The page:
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Crocodile and snake wrestling expert Tim Faulkner returns to Animal Planet

MUMBAI: Animal Planet viewers can join wildlife expert Tim Faulkner as he wrestles saltwater crocodiles, wrangles deadly taipans and milks funnel-web spiders. It’s all in a morning’s work for the reptile park operations manager and wildlife expert.

A conservation series, ‘The Wild Life of Tim Faulkner’ follows the busy schedule of Australian Reptile Park general manager Tim Faulkner, as he tackles the daily challenges of running one of Australia’s most action packed wildlife parks.

The new season kicks off on 1 December and will air every night at 9 pm on Animal Planet. It tracks Tim hatching baby alligators, tagging rock wallabies, releasing turtles and travelling deep into the Australian outback in search of rare and bizarre species to tick off his ‘bucket list’.

Also, in this series, viewers meet Tim’s young son Bill (aged 4+), as he shares his dad’s passion for wildlife conservation. One of his first lessons is the challenge of ‘how to train your Komodo dragon’.

The 20-part series sees him spending time at the Devil Ark, the Tasmanian Devil insurance breeding programme to ensure the survival and sustainability of the species in the wild. He also explores the Tasmanian coast and heads out to the Southern Ocean to see its birdlife, dolphins and seals before heading north where he encounters Australia’s longest python.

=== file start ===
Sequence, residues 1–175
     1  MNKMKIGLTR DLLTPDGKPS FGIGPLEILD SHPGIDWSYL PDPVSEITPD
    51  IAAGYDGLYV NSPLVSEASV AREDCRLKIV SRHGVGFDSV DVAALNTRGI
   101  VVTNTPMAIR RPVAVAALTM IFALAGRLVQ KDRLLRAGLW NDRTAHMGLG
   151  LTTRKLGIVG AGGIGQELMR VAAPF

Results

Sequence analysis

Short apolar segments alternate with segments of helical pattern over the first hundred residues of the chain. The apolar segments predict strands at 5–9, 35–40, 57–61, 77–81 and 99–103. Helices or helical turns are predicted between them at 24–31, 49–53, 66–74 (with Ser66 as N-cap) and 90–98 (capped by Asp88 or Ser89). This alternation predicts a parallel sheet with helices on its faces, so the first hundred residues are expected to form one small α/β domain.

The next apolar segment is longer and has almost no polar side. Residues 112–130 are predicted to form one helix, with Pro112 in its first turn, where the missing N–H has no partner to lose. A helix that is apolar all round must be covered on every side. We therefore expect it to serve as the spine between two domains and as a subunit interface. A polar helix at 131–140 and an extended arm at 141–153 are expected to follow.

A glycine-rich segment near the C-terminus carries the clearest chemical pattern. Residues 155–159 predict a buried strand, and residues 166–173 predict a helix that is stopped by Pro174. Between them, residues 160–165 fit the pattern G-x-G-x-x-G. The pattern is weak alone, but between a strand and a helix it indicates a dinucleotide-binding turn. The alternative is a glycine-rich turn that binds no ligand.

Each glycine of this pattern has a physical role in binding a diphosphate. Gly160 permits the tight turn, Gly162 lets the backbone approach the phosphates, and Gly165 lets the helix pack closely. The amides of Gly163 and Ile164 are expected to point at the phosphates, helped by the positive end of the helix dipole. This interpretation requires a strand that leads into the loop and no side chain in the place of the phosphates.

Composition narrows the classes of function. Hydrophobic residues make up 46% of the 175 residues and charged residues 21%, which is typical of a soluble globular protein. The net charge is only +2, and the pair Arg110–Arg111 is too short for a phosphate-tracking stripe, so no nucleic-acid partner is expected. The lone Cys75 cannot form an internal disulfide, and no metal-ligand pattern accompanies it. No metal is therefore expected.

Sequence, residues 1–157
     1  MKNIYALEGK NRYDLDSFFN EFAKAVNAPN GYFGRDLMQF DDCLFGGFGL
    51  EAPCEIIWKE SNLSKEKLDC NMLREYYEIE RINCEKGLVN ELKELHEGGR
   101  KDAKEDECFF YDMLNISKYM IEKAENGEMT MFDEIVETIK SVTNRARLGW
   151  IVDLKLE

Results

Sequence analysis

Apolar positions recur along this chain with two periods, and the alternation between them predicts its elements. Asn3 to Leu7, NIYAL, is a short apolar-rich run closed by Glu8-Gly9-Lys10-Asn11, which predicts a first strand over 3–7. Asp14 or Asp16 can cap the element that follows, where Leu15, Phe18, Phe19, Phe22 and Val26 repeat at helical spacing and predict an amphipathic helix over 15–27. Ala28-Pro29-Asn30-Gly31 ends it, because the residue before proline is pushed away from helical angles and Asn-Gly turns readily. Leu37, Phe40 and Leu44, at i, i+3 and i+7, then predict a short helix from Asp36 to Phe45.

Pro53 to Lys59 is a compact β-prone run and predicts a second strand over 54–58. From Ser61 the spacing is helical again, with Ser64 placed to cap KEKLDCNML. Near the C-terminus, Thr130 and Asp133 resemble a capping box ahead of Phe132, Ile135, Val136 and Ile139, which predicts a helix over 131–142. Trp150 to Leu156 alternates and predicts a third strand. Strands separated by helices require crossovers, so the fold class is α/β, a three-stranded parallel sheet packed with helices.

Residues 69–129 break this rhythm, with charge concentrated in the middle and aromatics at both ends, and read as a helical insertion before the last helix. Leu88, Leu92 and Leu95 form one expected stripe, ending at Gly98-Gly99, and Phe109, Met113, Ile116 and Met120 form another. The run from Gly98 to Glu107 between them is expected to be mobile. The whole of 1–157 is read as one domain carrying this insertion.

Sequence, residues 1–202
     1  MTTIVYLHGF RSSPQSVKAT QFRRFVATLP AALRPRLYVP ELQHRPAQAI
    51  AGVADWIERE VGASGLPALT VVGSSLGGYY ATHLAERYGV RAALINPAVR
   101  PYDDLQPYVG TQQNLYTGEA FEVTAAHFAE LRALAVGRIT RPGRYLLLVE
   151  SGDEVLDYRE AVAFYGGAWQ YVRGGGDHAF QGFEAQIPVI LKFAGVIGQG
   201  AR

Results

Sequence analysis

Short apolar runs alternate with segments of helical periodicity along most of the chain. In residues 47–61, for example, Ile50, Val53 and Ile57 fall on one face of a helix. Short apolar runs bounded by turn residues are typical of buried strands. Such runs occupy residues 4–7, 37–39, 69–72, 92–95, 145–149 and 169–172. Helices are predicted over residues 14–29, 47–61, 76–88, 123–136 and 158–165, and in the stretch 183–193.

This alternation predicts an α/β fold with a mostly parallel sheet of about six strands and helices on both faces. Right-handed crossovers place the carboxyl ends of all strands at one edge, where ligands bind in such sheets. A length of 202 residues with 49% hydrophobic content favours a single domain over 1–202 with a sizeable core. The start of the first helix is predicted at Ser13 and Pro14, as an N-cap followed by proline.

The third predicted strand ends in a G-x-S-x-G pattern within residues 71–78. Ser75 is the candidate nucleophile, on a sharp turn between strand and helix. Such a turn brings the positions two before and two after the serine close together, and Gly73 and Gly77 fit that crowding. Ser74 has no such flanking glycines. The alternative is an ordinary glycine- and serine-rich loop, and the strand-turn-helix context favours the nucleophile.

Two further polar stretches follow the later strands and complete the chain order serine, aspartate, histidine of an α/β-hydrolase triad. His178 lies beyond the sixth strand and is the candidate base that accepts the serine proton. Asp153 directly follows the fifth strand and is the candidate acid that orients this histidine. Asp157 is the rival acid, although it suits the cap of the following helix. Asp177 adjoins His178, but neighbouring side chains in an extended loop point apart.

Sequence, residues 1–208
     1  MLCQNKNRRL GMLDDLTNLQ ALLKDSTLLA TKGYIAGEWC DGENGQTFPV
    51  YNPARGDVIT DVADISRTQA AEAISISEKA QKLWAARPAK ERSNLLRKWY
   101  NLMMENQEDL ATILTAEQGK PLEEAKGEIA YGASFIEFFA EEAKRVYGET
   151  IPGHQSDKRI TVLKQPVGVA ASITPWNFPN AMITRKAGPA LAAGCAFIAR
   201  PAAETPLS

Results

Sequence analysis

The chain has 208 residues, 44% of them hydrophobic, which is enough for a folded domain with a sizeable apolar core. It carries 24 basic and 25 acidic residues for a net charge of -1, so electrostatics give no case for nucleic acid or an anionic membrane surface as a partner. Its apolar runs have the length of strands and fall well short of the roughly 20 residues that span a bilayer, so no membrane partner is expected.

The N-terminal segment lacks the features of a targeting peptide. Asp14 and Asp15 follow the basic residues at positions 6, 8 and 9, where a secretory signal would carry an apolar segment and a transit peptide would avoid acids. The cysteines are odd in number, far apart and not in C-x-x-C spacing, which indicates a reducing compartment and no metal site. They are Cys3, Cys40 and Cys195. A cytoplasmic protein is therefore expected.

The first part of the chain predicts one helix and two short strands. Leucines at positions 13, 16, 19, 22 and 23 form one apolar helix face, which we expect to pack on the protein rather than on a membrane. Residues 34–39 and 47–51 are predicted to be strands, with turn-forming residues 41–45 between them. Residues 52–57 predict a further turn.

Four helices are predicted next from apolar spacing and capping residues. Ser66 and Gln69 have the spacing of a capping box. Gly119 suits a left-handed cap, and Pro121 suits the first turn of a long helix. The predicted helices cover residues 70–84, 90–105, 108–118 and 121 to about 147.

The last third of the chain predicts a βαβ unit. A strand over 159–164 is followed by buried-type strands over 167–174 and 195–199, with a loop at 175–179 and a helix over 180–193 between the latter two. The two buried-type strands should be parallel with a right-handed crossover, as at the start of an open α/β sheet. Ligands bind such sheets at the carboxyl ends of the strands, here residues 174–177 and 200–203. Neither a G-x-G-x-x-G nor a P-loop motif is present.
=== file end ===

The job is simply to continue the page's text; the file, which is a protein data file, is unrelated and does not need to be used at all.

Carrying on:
He encounters Australia’s largest lizard in central Australia, he administers a dose of antibiotics to the reptile park’s cranky croc Elvis. Further, Tim heads to Central Australia to see what effects drought and introduced feral pests are having on local wildlife. He joins his team to rescue seven juvenile alligators from a muddy ending and deals with an eye infection of a cobra. Further in the series, Tim tours Tasmania’s Serengeti where he encounters kangaroos, wombats, echidna and some rare feathered friends.

Now 32 years, Tim has been working in the zoo and conservation industry his whole life. Since volunteering at a Sydney Wildlife Park from the age of 14, Tim has worked with some of Australia’s rarest most endangered species and their species management programmes within captivity.

He is playing an important role in the Tasmanian devil mainland breeding programme, the Devil Ark. The iconic Tasmanian devil is nearing extinction from the devil facial tumour disease.

In Animal Planet’s series, viewers follow him as he discusses the devastating effect facial tumors are having on the animal and what the Reptile Park is doing to help. He is extremely proud that the Park has bred more devils than any other establishment. His work with the Australian Reptile Park’s venom programme also sees him handling the world’s deadliest snakes and spiders to produce venom which is then made into anti-venom at the Commonwealth Serum Laboratory.